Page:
In your haste to declare The Nation out of touch with the “avant-garde” (City Desk, 10/15), you claim that my article in the magazine about political activism in punk rock arrives years late. Your selective interpretation of the piece ignores my reporting on the following organizing efforts:

* Positive Force’s work with Emmaus Services for the Aging to build the Arthur S. Flemming Center in D.C.’s Shaw neighborhood. The community center will support independent art and nurture direct service to the area’s low-income residents. Many of these residents have been negatively impacted by the welfare bill signed by President Clinton in 1996.

* Broadscale mobilization by New York-based Mumia 911, bringing together artists of many media and genres across the country on Sept. 11, 1999, to raise public awareness about the immoral and haphazard application of the death penalty.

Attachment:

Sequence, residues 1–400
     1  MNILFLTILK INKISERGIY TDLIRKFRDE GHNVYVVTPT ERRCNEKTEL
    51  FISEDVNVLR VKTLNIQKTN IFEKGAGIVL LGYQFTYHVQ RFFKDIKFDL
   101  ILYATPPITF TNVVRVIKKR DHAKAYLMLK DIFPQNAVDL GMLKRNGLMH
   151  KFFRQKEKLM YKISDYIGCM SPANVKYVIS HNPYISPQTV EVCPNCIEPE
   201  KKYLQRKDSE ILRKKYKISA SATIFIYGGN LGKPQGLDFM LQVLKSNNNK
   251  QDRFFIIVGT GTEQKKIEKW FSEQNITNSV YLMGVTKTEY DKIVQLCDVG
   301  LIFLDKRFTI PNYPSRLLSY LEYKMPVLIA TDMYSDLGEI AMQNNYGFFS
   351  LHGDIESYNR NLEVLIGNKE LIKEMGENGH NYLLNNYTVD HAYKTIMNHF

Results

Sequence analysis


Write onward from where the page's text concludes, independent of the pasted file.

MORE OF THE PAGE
* Punk benefit concerts staged in various cities this past summer for Voices in the Wilderness, the humanitarian renegade organization smuggling medical supplies to Iraq to help stem the ongoing death and devastation brought on by the U.S. embargo.

* The development of Nuestra Casa—a cultural and political community center—by Latino punks in Chicago. Similar in spirit to D.C.’s Flemming Center, Nuestra Casa reflects the broadening of the political vision in punk rock. Furthermore, the effort by New York City Mayor Rudolph Giuliani to defund the Brooklyn Museum, coupled with the Republicans’ whittling away of the NEA, underscores the need for these types of community-sponsored art programs.

Contrary to your assertions, these movements are firmly rooted in the political and economic distress of the Clinton era. These are just a few examples of the many strains of political activism in today’s underground rock. The deep cynicism implied by your decision not to mention these organizing efforts in your review of my article in The Nation is troubling.

Brooklyn, N.Y.

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